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Opinions of Thursday, 30 August 2018

Columnist: Prof Ramatu M. Al-Hassan

Achieving zero hunger in Ghana: An assessment of postharvest losses and market linkages

Hunger is a condition in which a person, for a sustained period, is unable to eat sufficient food to meet basic nutritional needs in terms of both macro and micro nutrients (JAK Foundation, 2017); hunger is at the centre of malnutrition. Eight hundred and fifteen million people globally, do not get enough food to lead a normal, active life (WFP, 2018). Available estimates suggest that at least 2 million Ghanaians are undernourished. This situation needs to change according to the Sustainable Development Goal 2, which aims to end hunger by 2030.

The World Food Programme in Ghana (WFP) commissioned the John Agyekum Kufuor Foundation to undertake a Zero Hunger Strategic Review (GZHSR) on behalf of the Government of Ghana, through the Ministry of Planning/National Development Planning Commission (NDPC). The objective of the GZHSR was to provide a baseline assessment of hunger, food insecurity and malnutrition, and the report aims to support a common understanding of the problems and how to solve them by 2030. The GZHSR report forms the basis of this review, which focuses on postharvest losses and weak market linkages as contributors to hunger and malnutrition.

Ghana hunger situation

According to the GZHSR report, despite achieving the MDG1 (halving poverty prevalence by 2015), hunger and malnutrition are still prevalent in the population and is characterised by a skewed spatial distribution with higher concentration in rural areas and northern Ghana. Extreme poverty is defined as those whose standard of living is insufficient to meet their basic nutritional requirements even if they devoted their entire consumption budget to food.

Extreme poverty rate in rural areas was 15 percent, compared to 2 percent of the urban population. Furthermore, the three northern regions have an extreme poverty rate of 29.7 percent, almost three times the national average. The Volta Region also had a prevalence rate of 9 percent. The outcomes of undernourishment are stunting and being underweight (children being too thin for their age) and hidden hunger (a situation of micronutrient deficiency). For example, two-thirds of children under five years are anaemic.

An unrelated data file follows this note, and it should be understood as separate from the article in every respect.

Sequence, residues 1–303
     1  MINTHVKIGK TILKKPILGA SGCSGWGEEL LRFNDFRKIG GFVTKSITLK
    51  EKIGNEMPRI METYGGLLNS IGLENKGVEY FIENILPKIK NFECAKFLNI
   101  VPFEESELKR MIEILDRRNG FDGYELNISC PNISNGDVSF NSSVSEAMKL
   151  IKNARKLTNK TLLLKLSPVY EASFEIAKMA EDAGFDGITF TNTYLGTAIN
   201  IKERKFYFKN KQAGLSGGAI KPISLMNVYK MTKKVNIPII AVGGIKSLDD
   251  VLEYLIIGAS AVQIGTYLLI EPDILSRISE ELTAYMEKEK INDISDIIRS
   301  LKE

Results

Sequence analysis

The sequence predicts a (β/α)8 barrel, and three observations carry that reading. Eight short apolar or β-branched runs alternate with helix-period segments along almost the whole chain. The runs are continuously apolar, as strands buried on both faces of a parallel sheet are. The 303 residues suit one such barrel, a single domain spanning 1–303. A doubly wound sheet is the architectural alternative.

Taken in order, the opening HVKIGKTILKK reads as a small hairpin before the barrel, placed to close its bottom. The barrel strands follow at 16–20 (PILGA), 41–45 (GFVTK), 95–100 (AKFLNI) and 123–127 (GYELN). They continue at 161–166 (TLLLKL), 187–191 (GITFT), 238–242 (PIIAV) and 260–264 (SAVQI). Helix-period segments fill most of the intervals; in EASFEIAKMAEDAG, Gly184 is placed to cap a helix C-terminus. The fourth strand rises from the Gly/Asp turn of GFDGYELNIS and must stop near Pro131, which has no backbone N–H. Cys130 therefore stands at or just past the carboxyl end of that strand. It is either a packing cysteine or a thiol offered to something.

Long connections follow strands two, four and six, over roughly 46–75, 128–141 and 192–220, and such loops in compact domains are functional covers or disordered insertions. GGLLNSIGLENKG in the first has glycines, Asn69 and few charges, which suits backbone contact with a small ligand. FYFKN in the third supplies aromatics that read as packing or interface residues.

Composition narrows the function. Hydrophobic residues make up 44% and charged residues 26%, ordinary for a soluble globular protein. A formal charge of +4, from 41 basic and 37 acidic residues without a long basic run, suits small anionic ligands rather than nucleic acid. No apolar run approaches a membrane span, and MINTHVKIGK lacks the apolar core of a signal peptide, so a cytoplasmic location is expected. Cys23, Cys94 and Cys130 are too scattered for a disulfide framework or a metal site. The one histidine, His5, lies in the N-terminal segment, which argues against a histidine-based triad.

Causes

The GZHSR report identifies limited access of farmers to reliable markets for their produce, and high postharvest losses as some of the contributory factors to extreme poverty and undernourishment. Therefore, addressing the above challenges is central to the attainment of SDG 2.

Postharvest management and food losses

Postharvest loss is defined as the degradation in both quantity (physical loss in quantity) and quality (nutrient composition, acceptability and edibility). As a developing country, postharvest losses are high in Ghana, especially at the farmer level.

Estimates of postharvest losses vary according to the crop and method of estimation. What is clear is that the country loses quite a bit of agricultural produce to inappropriate management of harvested produce. Ghana loses over three hundred thousand tonnes of maize annually to postharvest losses .

A review of studies on postharvest losses in Ghana recorded very high upper limits of losses suffered by farmers; as high as 26 percent for cassava, 50 percent for maize, 94 percent for cowpea (Vowotor et al., 2013). The losses are also very high for processed products (e.g. 20.9 - 72 percent for cassava chips and gari, and 36 percent for yam chips). A loss of 50 percent of maize produced is not just loss of food or potential earnings, but also of investment in the production of the commodity, further impoverishing the farmer and other actors in the value chain.